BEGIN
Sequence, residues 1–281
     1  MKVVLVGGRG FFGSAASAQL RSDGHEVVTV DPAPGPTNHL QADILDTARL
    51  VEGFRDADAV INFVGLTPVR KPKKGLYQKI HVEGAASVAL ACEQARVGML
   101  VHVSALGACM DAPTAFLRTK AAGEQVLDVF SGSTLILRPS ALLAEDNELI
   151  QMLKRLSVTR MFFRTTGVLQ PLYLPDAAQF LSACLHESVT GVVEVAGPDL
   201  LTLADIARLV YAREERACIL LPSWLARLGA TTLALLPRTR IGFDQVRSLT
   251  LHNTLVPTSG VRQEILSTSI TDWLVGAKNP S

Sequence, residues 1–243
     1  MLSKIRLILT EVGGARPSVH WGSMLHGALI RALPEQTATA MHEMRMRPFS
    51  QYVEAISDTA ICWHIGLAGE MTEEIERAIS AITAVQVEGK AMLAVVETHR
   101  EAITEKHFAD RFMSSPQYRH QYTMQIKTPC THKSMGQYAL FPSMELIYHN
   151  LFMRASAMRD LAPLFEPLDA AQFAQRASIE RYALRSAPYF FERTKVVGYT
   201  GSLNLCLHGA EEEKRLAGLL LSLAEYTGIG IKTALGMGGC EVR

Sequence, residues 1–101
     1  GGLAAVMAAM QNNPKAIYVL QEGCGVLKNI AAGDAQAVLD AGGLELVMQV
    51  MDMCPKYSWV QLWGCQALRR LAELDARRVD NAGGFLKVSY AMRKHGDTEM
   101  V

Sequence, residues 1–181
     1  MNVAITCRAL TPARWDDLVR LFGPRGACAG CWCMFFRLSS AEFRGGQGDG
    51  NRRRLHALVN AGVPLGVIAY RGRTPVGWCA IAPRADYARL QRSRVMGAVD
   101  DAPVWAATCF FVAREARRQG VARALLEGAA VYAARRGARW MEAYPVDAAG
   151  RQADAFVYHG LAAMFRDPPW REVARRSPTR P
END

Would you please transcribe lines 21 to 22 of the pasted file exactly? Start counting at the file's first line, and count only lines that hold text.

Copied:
   101  DAPVWAATCF FVAREARRQG VARALLEGAA VYAARRGARW MEAYPVDAAG
   151  RQADAFVYHG LAAMFRDPPW REVARRSPTR P